The latest technology in the world has changed our way of life immeasurably over the past few decades and the pace of change seems to be only accelerating. From the mid-90s on, the data availability, digitalisation and automation facilitated by the internet and supporting technologies has changed the world’s economy radically. In a way that is perhaps less obvious in our day-to-day lives, robotisation and automation has also overhauled manufacturing and production. However, there is plenty of evidence to suggest that the way the ‘Information Age’ has changed the way we live and work will be considered superficial in comparison to what comes next.
A recent World Economic Forum report predicts that the jobs 65% of the youngsters currently in primary school do not yet exist. Occupations based on predictable steps, patterns and processes such as data collection and processing and non-creative physical work are expected to be almost entirely outsourced to technology within the next couple of decades.
There are many who fear the culmination of the information age will be a world of mass unemployment and an ever-widening disparity of wealth. There are other who believe even more strongly that the emancipation of the bulk of humanity from the shackles of repetitive occupations, which throughout human history have taken up most of our time, will lead to the most progressive age of humanity to date. The theoretic age that follows the information age has been dubbed the ‘Imagination Age’. The term was first applied by Rita J. King, an Executive Vice President of Science House, a creative consultancy in New York City and previously a ‘futurist’ at the National Institute of Aerospace and has been defined as:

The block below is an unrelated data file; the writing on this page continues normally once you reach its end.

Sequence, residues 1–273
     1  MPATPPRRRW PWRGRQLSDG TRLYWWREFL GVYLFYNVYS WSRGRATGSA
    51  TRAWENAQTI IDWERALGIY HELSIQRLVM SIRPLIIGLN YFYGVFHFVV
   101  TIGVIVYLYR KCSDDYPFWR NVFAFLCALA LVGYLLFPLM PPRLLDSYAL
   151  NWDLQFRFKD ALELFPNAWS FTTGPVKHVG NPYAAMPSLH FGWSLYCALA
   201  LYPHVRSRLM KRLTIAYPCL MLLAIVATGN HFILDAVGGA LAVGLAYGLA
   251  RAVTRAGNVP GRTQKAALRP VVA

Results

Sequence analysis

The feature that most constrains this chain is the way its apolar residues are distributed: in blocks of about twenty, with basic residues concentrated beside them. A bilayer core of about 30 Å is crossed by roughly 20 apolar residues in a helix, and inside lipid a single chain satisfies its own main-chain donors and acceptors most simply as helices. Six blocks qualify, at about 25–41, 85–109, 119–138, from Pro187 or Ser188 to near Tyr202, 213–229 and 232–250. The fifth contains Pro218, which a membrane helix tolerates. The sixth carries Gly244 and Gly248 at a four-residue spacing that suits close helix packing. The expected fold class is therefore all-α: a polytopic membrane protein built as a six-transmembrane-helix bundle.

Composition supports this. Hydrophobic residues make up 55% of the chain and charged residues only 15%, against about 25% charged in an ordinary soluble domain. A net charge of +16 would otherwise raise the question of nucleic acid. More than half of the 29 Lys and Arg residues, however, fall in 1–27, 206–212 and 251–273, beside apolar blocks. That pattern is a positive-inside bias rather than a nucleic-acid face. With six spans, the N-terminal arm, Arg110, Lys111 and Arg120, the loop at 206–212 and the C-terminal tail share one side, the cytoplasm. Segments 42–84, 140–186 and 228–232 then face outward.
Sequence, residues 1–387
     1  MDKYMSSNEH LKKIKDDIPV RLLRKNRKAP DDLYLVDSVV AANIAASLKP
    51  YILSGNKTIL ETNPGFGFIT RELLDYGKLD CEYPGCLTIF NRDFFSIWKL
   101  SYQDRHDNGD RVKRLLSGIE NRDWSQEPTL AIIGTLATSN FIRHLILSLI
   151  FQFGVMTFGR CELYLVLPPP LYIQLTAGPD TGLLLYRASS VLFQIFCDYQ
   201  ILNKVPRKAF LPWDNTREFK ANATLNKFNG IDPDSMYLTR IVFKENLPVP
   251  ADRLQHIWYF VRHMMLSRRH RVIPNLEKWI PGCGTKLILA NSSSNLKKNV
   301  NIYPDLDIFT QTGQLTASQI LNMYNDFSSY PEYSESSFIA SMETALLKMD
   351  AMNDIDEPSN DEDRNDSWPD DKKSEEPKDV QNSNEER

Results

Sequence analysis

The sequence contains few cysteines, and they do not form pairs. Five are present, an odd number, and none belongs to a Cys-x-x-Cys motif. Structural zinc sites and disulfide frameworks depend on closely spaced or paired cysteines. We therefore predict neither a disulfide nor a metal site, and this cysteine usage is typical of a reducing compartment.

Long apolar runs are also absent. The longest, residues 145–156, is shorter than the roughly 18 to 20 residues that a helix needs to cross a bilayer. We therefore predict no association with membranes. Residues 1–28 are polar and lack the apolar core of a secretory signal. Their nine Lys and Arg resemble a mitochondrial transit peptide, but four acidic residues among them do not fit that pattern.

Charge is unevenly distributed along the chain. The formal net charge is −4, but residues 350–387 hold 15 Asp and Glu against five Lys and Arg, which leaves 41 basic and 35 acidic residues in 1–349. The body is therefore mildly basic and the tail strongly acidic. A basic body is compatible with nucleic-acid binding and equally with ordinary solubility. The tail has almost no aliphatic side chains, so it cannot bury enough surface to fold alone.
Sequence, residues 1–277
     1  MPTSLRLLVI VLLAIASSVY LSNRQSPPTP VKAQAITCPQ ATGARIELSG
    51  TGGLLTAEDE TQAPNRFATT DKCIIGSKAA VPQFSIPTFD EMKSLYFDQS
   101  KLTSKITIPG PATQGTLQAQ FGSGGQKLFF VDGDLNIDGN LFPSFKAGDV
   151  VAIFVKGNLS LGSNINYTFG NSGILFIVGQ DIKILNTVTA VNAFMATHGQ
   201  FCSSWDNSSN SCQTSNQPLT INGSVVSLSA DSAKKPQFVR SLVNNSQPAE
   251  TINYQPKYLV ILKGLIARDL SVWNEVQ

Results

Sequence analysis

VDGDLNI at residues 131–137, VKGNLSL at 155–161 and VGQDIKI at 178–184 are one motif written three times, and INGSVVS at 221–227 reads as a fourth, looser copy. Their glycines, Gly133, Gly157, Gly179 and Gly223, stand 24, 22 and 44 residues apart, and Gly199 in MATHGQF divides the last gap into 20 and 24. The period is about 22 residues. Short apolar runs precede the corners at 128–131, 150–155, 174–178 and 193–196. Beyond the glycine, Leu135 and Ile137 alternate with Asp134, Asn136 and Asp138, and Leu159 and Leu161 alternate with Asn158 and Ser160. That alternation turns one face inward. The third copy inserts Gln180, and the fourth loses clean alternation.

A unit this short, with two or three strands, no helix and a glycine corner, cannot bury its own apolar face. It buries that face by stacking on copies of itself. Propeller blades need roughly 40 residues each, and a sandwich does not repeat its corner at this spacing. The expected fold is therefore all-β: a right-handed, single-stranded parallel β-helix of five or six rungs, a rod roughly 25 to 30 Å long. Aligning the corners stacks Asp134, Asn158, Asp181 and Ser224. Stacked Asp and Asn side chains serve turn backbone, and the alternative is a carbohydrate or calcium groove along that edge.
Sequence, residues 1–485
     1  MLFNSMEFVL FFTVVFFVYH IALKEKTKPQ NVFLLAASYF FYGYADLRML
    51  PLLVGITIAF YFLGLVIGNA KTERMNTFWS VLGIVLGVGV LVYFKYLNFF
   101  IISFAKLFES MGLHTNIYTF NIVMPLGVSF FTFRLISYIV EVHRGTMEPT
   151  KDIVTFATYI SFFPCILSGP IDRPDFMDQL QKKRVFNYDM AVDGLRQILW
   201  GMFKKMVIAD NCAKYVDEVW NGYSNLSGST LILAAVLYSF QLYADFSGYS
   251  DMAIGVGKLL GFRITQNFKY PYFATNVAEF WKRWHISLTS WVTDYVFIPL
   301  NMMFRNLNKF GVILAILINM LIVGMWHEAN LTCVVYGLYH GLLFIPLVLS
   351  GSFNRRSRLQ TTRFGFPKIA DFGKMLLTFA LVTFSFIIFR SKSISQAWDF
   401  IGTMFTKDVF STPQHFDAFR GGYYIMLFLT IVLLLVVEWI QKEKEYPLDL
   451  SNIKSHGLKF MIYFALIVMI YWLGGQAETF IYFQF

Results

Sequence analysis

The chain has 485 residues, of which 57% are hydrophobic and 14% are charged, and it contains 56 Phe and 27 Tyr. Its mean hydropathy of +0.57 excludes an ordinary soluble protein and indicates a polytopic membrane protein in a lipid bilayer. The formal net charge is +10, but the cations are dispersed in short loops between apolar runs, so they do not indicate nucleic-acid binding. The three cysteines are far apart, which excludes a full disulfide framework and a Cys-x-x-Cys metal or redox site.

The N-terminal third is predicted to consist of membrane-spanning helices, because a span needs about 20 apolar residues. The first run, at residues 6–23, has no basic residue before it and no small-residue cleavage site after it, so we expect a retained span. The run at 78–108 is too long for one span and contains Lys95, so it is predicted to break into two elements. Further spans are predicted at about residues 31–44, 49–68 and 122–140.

“an economy where intuitive and creative thinking create economic value, after logical and rational thinking has been outsourced to other economies.”
The latest technology in the world has two forks. The first fork is that of technology taking over tasks that have previously required human input. The second fork is technology which supports and facilitates human creativity.
Both forks can make use of the same technological advancements, such as artificial intelligence and virtual reality. Many economists believe we are already seeing the beginning of this transition with the number of jobs for professionals such as designers, architects, software engineers and photographers increasing and those for accountants, factory workers and administrative staff decreasing.
As well as leading to a new age of aesthetic riches brought about by an artistic and creative focus to the ‘human led’ economy, the biggest change the Imagination Age would be expected to bring about would be humanity envisioning its own possible futures and then testing the ideas. As Einstein once said, “imagination is more important than knowledge.”
With every invention, from vehicles allowing space travel, to smartphones and architecture first existing in our imaginations, and humanity then subsequently working out how to make it a reality, the potential outcome of an Imagination Age could be phenomenal. The pattern of sci-fi to reality when it comes to technology advancements in recent decades demonstrates what could be in store for us if our primary occupation becomes that of imagination.